ALEXANDER ZEMLINSKY ANNIVERSARY EDITION
CAPRICCIO C7360 (6 CDs) 6’37
If, like me, you know little of Zemlinsky’s music this is an excellent introduction to his output. Orchestral music, songs with piano or orchestra and opera are all to be found here. It is clear that much of Zemlinsky’s work incorporated the voice, even in some of his large scale orchestral work such as the opening Lyric Symphony, Op18 for soprano, baritone and orchestra. A progression can be heard in later compositions which, whilst not embracing stark serialism certainly display an interest in adventurous harmony and less traditional tonality, for instance in the String Quartet No.2, Op 15. Purists might wish for more opera to be included here but I found the final CD of opera highlights to be an enjoyable listen in its own right and at the same time perhaps providing a sampler for those who would wish to experience fuller versions of the five works included here.
MOZART – SONATAS FOR VIOLIN & PIANO, K301, 304-5 & 454
PETER HANSON, violin
ANDREW ARTHUR, fortepiano
RESONUS RES10281 79’07
A fine period instrument recording of these sonatas which are each dedicated to women who supported Mozart in his musical endeavours. The duo of Peter Hanson and Andrew Arthur work very well together in the performances here.
NIKOS SKALKOTTAS – DANCE OF THE WAVES
ATHENS STATE ORCHESTRA, STEFANOS TSIALIS, conductor
NAXOS 8.574182 73’01
Described as “the most popular work of Greek art music today” Skalkottas’ 36 Greek Dances is a lovely work. Lasting just over 25 minutes these short dances combine in a lovely sequence that is often light and playful but with contrasts throughout. The disk also includes excerpts form the folk ballet The Sea and a premiere recording of the Suite No 1 for large orchestra, a work dating, in its final form, from 1935. Very enjoyable and probably unfamiliar repertoire for many listeners.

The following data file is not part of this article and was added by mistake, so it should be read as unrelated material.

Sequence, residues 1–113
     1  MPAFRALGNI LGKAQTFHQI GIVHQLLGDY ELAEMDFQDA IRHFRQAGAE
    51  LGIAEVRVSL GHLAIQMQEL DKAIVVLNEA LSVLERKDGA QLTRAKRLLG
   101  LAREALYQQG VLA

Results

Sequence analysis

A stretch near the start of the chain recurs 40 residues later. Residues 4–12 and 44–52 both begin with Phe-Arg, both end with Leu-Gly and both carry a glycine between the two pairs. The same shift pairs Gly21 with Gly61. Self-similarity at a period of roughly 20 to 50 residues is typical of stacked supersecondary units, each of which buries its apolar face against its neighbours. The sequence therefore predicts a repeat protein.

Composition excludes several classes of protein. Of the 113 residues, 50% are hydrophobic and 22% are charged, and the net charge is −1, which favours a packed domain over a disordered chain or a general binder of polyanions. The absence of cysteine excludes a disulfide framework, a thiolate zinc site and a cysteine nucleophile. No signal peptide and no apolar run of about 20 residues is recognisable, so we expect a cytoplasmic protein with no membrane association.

BRITISH LIGHT MUSIC 1 – RICHARD ADDINSELL
BBC CONCERT ORCHESTRA
PHILLIP MARTIN, RODERICK ELMS, piano
KENNETH ALWYN, conductor
NAXOS 8.555229 68’16
I have long had an affection for what has become known as British Light Music. Although Naxos have released a number of recordings of the genre already this appears to be the first in a new series of single composer CDs. Richard Addinsell was a prolific composer for films, radio and of standalone music. All are represented here including reconstructions and arrangements by various musicians where the original manuscripts have been lost. As with much of this music there are memorable melodies and beautiful orchestrations. The CD sets out to prove that there is more to Addinsell than just Warsaw Concerto. Shades of this are to be heard in the new-to-me theme from A Tale of Two Cities which ends the collection. A very welcome and enjoyable production.
ETHEL SMYTH – STRING QUARTET/STRING QUINTET
CPO 999 352-2 68’29
This is a lovely pairing of the String Quartet in E minor with the String Quintet in E major. These two works were published 30 years apart and consequently show development in Smyth’s compositional approach. In these recordings this music of a pioneer and innovator who bridges the 19th and 20th Centuries sounds fresh and invigorating. It pushes forward whilst at the same time remains firmly in the tradition of English string writing, with wider European influences.
CARL PHILIPP EMANUEL BACH – THE SOLO KEYBOARD MUSIC VOL 40
KEYBOARD TRANSCRIPTIONS 1
MIKLOS SPANYI, harpsichord
BIS 2387 81’51
This monumental survey of the solo keyboard music of this son of JS reaches volume 40 with original keyboard transcriptions of orchestral works. Spirited performances from a performer who knows this repertoire very well include many shorter works alongside the Symphonies in E minor and D major and the Concerto in F major.
BRAHMS PIANO SONATAS & RHAPSODIES
GARRICK OHLSSON, piano
HYPERION CDA68334 69’11
The 2 Rhapsodies, Op 79 have long been favourites of mine. Sitting neatly between the longer Piano Sonatas No 1 & 2 and shorter works I find the way these pieces have room to develop without overstaying their welcome very appealing. Both have characteristic melodies and the way they play with rhythm and harmony bring out the best of Brahms’ pianistic writing. Lovely performances throughout by Garrick Ohlsson.